Last Updated: July 15, 2021
Nothing feels merrier than waking up to the sounds of chirping birds in your backyard.
If you’re here, then it's probably because you want to enjoy the presence of these feathered beings.
In this comprehensive guide, I will share with you all that you need to know about designing, crafting, and placing birdhouses to attract the chirping guests to your backyard.
Before we begin though, here are a couple of things that you should know:
- Firstly, not all birdhouses are the same, you have to consider species-specific requirements.
- Secondly, the goal of this comprehensive guide is not to create fancy or retail-level birdhouses, just something to get the job done.
- Lastly, you should always keep in mind the general considerations mentioned in the following sections, they will make all the difference.
Let’s get building!
- General Considerations To Keep In Mind About Birdhouses
- Common Birdhouse Plans That You Can Try Out
- Additional Resources To Consider
- Not All Birds Use Bird Houses
- Should You Buy Fancy Birdhouses?
- How To Avoid Predatory & Pestilent Species?
- Bottom Line
General Considerations To Keep In Mind About Birdhouses
Generic birdhouses don’t work all the time because different bird species have different requirements. For instance, you can’t expect a kestrel to come and nest in a small-sized birdhouse designed for wrens.
The inverse is also true as smaller birds will be constantly harassed by predators in bigger birdhouses. There are several other factors to consider too, I have listed them as follows:
Cavity nesters are the primary target for birdhouses as these birds tend to nest inside hollowed-out chambers in trees. Common examples of cavity nesters include the adorable bluebirds, the teeny tiny wrens, and the full of spirit chickadees.
Other birds also turn towards birdhouses but primarily, the cavity-nesters have a better chance of showing up.
The most important parameter for dealing with cavity nesters is the entry-hole diameter. This is almost species-specific and you’ll have to be careful in this regard depending on the type of birds you want in your backyard.
Not only will precisely measured holes allow your target species to enter and nest inside the birdhouse but also exclude the pestilent and undesirable ones.
Starlings and common sparrows are notorious for taking over birdhouses and denying access to desirable species. While I am not against these species, I have to stress that if you want bluebirds, you’ll have to make the entry hole only large enough for a bluebird, and no more.
Even in the case of a single species, the requirements will vary among varieties and subpopulations. For instance, you'll have to look into specific details for Mountain Bluebirds, Western Bluebirds, and Eastern Bluebirds even though they are of similar stock.
The following table summarizes the entrance diameter, entrance height, and mounting height requirements for the birdhouses dedicated to attracting some common cavity nesters.
|Species||Entrance Diameter||Entrance Height||Mounting Height|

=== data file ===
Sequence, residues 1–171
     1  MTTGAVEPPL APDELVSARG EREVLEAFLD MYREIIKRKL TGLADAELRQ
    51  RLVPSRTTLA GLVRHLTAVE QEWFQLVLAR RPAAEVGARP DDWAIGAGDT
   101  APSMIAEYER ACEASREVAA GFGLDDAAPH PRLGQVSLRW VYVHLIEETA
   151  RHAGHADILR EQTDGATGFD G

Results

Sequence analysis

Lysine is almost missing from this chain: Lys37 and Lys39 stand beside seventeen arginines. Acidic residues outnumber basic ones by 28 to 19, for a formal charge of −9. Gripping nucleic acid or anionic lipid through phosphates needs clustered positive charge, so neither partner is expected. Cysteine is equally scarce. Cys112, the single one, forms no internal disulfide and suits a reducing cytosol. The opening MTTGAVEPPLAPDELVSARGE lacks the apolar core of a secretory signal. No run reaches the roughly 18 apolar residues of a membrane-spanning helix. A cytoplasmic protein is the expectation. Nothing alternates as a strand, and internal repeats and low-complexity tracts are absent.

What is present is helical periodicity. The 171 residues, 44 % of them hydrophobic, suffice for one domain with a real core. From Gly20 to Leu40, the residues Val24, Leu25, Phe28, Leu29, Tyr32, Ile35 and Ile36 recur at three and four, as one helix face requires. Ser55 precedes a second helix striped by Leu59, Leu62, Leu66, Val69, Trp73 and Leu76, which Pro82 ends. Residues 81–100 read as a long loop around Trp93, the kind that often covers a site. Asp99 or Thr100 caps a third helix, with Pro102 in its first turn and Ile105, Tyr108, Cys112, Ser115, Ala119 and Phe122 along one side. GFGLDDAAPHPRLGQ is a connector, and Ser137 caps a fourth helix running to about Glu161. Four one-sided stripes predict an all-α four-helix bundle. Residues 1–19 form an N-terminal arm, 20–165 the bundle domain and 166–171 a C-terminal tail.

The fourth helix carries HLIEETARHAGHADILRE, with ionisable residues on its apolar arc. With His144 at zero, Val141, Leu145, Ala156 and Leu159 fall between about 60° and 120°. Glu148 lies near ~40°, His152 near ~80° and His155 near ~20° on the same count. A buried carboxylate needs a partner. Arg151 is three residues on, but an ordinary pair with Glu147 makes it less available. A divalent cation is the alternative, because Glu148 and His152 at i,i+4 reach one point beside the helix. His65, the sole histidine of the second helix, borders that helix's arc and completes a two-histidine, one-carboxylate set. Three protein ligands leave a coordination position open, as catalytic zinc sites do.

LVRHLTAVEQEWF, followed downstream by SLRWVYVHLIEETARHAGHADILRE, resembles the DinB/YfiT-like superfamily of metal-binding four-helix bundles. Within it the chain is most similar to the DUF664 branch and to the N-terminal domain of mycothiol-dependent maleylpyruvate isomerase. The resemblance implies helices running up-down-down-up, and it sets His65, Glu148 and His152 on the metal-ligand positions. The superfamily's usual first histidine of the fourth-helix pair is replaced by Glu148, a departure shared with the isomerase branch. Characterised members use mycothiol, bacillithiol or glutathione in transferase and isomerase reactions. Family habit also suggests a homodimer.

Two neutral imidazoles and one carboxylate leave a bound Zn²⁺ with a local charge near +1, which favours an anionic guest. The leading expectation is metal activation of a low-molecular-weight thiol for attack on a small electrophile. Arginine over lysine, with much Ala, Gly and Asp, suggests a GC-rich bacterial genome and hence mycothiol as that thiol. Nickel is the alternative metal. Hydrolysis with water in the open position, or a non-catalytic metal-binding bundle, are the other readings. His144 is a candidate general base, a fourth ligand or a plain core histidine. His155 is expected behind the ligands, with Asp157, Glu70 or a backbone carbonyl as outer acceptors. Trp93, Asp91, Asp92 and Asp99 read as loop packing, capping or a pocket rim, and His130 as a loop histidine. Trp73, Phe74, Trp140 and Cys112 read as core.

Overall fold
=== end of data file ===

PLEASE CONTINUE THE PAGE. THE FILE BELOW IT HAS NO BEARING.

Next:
|Bluebird||1.5 inches||6 inches||4-6 feet|
|Chickadee||1.25 inches||6 inches||5-15 feet|
|Flicker||2.5 inches||4 inches||6-10 feet|
|Common Finch||2 inches||4 inches||5-10 feet|
|Common Sparrow||1.75 inches||6 inches||10-15 feet|
|Kestrel||3 inches||9 inches||10-20 feet|
|Nuthatches||1.25 inches||6 inches||10-15 feet|
|Owl||6 inches||4 inches||10-15 feet|
|Purple Martin||2.5 inches||1.5 inches||10-15 feet|
|Tree Swallow||1.5 inches||4 inches||5-10 feet|
|Warbler||1.25 inches||4 inches||5-10 feet|
|Woodpecker||1.25 inches||7 inches||10-20 feet|
|Wren||1.25 inches||4 inches||6-10 feet|
Note that a bluebird’s entrance hole, which is 1.5 inches across, is slightly smaller than that of the house sparrow. This means that if you use effective craftsmanship skills and stick hard and fast with these measurements, sparrows won’t be bothering your guest bluebirds.
Smaller birds will be deterred from nesting in larger birdhouses as the larger holes will make them vulnerable to attack from predators.
Consider The Habitat Requirements
Like all other beings, birds have defined distributions, and for most of them, they are permanent. These habitat ranges are important to understand because you can’t expect to attract a particular bird species if it’s nowhere to be seen in your area.
This part will require some sleuthing and researching from your end too. You’ll have to find out which bird species you can expect to show up and populate the birdhouses you set up for these feathery visitors.
For instance, in a wooded area, you can expect visits from nuthatches and chickadees. But if you love the sight of swallows and bluebirds (and if they do live nearby), then you will have a better chance of getting their attention in wide-open fields.
The placement is just as important in this regard, after all, you would want to attract the attention of the target species and avoid any pestilence.
Avoid pacing the birdhouse in an area covered by dense foliage as it will complicate the flight path of the parents (who have to go back and forth from their nest).